In December 2013, Mitchell was indicted on seventeen counts: one count of conspiracy to distribute 500 grams or more of cocaine 6 (Count 1); four counts of distribution of cocaine 7 (Counts 2-5); three counts of maintaining a house for drug distribution 8 (Counts 6, 10, and 14); one count of possession of 28 grams or more of cocaine base (“crack”) with intent to distribute, and aiding and abetting such possession 9 (Count 7); two counts of possession of a firearm in furtherance of a drug trafficking crime, and aiding and abetting such possession 10 (Counts 8 and 16); three counts of possession of a firearm by a convicted felon 11 (Counts 9, 13, and 17); one count of possession of 100 grams or more of PCP with intent to distribute 12 (Count 11); one count of possession of a firearm in furtherance of a drug trafficking crime 13 (Count 12); and one count of possession of at least 28 grams of crack and 500 grams of cocaine with intent to distribute, and aiding and abetting such possession 14 (Count 15).

After a seven-day trial in October 2015, a jury found Mitchell guilty of all seventeen counts. Mitchell then filed a motion for a judgment of acquittal, or in the alternative, for a new trial, which the District Court denied. The District Court ultimately sentenced Mitchell to 1,020 months’ (85 years’) imprisonment followed by 8 years of supervised release.15 Defendant now appeals the judgment of conviction and sentence.


In this appeal, Mitchell challenges both his conviction and sentence of 1,020 months’ imprisonment. He presents four arguments as to why his conviction should be vacated, and four arguments as to why his sentence should be vacated.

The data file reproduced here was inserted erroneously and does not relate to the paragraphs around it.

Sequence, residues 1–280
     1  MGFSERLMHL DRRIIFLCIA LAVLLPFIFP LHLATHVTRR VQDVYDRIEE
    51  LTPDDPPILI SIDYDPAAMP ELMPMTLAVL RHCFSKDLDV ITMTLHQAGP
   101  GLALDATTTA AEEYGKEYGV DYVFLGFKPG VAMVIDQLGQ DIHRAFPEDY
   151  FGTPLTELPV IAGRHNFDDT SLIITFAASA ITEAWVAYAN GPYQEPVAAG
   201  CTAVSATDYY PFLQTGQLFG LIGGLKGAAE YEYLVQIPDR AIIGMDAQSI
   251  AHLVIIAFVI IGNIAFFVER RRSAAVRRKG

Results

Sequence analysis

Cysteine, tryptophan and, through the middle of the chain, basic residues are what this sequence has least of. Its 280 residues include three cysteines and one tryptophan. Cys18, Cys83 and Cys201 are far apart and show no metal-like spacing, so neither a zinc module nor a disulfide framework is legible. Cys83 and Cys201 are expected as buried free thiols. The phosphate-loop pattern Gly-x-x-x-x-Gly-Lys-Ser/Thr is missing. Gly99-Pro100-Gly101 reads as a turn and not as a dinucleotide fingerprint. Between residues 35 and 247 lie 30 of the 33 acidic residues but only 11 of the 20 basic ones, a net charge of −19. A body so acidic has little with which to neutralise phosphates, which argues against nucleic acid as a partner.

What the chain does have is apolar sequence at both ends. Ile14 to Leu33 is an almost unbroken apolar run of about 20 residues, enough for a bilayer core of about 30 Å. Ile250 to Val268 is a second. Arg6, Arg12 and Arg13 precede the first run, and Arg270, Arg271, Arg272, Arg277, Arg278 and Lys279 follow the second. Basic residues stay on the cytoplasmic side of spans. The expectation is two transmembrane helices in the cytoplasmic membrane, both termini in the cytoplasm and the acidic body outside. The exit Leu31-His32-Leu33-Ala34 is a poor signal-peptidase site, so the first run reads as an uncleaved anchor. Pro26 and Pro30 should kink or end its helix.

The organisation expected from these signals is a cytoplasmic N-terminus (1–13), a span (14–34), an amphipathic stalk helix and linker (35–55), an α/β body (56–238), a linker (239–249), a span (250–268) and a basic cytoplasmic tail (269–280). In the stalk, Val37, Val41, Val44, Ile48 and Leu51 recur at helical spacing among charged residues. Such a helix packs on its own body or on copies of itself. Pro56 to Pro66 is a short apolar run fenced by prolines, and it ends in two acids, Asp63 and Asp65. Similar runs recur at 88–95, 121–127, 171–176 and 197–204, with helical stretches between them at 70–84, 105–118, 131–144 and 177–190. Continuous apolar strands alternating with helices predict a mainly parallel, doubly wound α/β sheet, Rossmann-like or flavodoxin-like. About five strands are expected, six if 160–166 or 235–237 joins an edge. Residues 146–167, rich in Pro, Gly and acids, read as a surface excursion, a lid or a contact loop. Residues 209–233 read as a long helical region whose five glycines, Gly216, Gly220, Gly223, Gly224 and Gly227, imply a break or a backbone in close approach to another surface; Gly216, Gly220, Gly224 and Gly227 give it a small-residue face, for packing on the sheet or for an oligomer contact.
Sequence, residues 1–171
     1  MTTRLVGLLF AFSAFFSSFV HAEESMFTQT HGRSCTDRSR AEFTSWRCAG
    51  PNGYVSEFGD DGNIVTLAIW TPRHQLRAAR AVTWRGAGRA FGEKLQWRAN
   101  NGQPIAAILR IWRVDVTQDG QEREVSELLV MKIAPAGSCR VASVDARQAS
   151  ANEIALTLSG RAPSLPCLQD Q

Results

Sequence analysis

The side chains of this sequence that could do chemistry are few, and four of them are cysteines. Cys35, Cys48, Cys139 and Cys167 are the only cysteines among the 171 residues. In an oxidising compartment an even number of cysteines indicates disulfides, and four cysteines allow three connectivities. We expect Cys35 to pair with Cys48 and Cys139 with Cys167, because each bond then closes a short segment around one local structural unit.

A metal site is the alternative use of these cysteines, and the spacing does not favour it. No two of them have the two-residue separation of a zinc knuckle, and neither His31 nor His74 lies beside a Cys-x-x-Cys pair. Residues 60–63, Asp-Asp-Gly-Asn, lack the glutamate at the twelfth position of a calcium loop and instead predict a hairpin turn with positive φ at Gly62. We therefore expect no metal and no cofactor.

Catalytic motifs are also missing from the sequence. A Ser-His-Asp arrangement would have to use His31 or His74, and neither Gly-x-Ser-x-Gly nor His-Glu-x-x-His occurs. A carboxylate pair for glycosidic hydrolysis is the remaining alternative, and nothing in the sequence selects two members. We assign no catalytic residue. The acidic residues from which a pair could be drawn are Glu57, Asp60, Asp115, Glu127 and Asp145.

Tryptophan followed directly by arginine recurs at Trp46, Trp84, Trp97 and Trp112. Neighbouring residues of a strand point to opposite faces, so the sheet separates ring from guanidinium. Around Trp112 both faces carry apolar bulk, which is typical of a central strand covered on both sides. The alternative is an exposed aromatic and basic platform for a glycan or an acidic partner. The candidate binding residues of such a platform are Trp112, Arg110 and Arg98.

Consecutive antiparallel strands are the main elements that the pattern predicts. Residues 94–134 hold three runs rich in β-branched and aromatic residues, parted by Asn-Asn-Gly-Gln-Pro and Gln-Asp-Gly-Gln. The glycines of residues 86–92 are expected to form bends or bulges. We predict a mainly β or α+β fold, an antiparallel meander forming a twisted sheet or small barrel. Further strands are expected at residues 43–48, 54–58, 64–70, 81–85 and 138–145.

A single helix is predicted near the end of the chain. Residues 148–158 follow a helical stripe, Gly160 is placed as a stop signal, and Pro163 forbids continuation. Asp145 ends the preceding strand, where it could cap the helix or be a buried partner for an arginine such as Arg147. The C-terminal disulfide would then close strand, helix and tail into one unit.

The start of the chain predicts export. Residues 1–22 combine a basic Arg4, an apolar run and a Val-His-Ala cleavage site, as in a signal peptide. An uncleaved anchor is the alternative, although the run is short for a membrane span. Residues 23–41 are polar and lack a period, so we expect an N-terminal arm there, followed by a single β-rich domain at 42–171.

Regarding his conviction, Mitchell maintains that: (1) the District Court violated his Sixth Amendment right to a fair trial before an impartial jury by failing to investigate possible juror bias; (2) the District Court’s admission of certain statements violated the rule against hearsay and his rights under the Confrontation Clause; (3) the District Court plainly erred by failing to instruct the jury that aiding and abetting the possession of a firearm in furtherance of a drug trafficking crime requires that the accomplice have advance knowledge that the principal would possess a gun, as required by Rosemond v. United States;17 and (4) the Government presented insufficient evidence that he aided and abetted Lawson’s possession of a loaded .357 caliber firearm in furtherance of distribution of crack at Carlisle Street, or constructively possessed the firearm. We have carefully considered Mitchell’s arguments regarding his conviction and find them to be without merit. Accordingly, we affirm Mitchell’s judgment of conviction.

As to his sentence, Mitchell argues that: (1) the District Court plainly erred by relying on his bare arrest record at sentencing; (2) the District Court erred in concluding that he qualified as a career offender under the Sentencing Guidelines; (3) we should remand for resentencing in light of the Supreme Court’s 2017 decision in Dean v. United States;18 and (4) his 55-year mandatory consecutive sentence violates the Eighth Amendment’s prohibition on cruel and unusual punishment. We have examined each of Mitchell’s arguments and find nearly all of them to be meritless. However, for the reasons set forth below, we agree with Mitchell that the District Court plainly erred by relying on Mitchell’s bare arrest record to determine his sentence. We will therefore vacate and remand for resentencing.19